Offensive counter air

From Wikipedia, the free encyclopedia
Jump to: navigation, search

Offensive Counter-Air (OCA) is a military term for the suppression of an enemy's military air power by destroying or disabling the aircraft—preferably on the ground. This includes disablement achieved by damaging the infrastructure (for example runways) or logistics.

Air-to-air operations conducted by fighter aircraft are also offensive counter air measures, but they are seen as a comparatively slow way of achieving the final objective - air superiority.[1]


Offensive counter-air strikes have been used since World War I.[2] The Teishin Shudan and Giretsu Kuteitai carried out two OCA raids in the Pacific theatre against B29s. In one measure the most successful single OCA mission to date was Operation Focus, the Israeli offensive that opened the Six Day War of 1967, when the Heyl Ha'avir destroyed a large portion of the air power of Egypt, Syria, and Jordan, mostly on the ground, totaling roughly 600 airframes destroyed by a force of 200 aircraft. However, in sheer number of planes destroyed, the opening two weeks of Operation Barbarossa saw some 3-4,000 Russian planes destroyed in total. Other successful attacks include US counter-air operations in Korea in 1950 and 1953, French and British attacks during the Suez Crisis and many others.[2] However, there have also been notable failures like Operation Chengiz Khan initiated by Pakistan during the Indo-Pakistani War of 1971 and Iraqi attacks on Iran.[2]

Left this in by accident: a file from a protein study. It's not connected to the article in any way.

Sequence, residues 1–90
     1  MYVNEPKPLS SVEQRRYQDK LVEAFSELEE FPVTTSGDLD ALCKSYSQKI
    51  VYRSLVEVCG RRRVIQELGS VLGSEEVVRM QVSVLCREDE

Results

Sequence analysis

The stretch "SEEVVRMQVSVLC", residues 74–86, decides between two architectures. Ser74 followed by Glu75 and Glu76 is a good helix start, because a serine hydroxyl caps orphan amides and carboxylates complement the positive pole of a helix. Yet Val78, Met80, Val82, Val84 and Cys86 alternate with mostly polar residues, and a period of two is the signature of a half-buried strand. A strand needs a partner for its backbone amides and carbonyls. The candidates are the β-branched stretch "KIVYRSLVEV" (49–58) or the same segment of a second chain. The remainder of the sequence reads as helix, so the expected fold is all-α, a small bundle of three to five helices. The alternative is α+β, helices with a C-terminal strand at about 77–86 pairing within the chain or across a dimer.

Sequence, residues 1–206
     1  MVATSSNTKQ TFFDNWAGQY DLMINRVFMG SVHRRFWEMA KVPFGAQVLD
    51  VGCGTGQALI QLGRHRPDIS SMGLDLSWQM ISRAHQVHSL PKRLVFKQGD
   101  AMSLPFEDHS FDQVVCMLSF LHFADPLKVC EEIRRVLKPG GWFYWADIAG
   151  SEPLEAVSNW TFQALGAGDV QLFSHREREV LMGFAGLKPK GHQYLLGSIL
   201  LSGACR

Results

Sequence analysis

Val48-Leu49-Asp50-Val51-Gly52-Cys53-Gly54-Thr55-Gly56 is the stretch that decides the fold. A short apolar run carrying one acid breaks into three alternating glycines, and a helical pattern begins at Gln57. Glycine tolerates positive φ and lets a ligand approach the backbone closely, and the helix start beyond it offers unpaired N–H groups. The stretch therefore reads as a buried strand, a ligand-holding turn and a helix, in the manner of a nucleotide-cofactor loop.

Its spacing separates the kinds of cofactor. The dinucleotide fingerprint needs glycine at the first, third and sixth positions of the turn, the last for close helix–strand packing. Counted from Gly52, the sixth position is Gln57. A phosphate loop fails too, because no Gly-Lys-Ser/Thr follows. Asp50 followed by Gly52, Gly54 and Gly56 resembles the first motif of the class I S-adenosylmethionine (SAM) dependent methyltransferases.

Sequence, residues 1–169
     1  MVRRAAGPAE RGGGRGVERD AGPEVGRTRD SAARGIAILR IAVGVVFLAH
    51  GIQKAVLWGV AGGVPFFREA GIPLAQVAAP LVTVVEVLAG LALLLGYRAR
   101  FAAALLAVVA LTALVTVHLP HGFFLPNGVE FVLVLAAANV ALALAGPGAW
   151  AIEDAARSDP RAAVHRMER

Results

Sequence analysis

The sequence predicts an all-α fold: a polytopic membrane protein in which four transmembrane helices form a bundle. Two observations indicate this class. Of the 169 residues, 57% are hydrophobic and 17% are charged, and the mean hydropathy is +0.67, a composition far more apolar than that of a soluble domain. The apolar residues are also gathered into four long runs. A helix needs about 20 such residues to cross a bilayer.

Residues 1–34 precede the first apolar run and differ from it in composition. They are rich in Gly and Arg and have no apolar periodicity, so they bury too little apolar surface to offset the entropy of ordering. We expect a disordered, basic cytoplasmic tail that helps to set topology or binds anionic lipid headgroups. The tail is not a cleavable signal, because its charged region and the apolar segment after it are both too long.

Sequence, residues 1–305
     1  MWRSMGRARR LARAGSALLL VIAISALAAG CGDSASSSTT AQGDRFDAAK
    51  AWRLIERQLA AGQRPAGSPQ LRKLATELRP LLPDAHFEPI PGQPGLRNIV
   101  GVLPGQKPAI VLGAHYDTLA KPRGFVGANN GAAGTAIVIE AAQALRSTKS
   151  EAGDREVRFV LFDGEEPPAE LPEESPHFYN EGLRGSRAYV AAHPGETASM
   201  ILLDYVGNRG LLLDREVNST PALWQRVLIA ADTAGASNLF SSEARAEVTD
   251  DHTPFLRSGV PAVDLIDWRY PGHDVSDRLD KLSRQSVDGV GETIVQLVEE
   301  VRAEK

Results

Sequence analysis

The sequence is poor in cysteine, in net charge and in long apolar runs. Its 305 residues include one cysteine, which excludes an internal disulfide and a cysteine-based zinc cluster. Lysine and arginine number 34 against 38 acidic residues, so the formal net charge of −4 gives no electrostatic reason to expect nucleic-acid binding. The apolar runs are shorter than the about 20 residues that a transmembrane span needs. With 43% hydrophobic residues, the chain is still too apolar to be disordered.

Although OCA missions are often carried out via air strikes, they are not limited to aerial action. The Teishin Shudan and Giretsu Kuteitai commandos carried out two notable OCA raids during World War II, as did the British Long Range Desert Group. The Vietcong successfully destroyed a number of American aircraft with mortar fire during the Vietnam War, and more recently a Taliban raid in Afghanistan destroyed eight AV-8B Harriers.

Weapons used[edit]

During the 1950s, the Cold War strategy of both NATO and the Warsaw Pact called for OCA to be carried out with tactical nuclear weapons, but by the mid-1960s, new policies of 'proportional response' brought about a return to conventional tactics. Beginning shortly before the Six Day War, specialized weapons were developed for disrupting runways, such as the BLU-107 Durandal anti-runway bomb. Various such weapons continue to be fielded, notably the Hunting JP233 munition used by RAF Panavia Tornado aircraft during the 1991 Gulf War.


  1. ^ James Michael Holmes (1995). The counterair companion: a short guide to air superiority for joint force commanders. DIANE Publishing. p. 36. Retrieved 20 January 2011. 
  2. ^ a b c "VII - MUTUAL VULNERABILITY: COUNTER AIR OPERATIONS". Retrieved December 17, 2010.  External link in |publisher= (help)